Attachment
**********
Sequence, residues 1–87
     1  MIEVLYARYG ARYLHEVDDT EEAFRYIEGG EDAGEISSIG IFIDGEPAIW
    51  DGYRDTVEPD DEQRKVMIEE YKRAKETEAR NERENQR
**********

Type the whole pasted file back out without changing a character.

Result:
Sequence, residues 1–87
     1  MIEVLYARYG ARYLHEVDDT EEAFRYIEGG EDAGEISSIG IFIDGEPAIW
    51  DGYRDTVEPD DEQRKVMIEE YKRAKETEAR NERENQR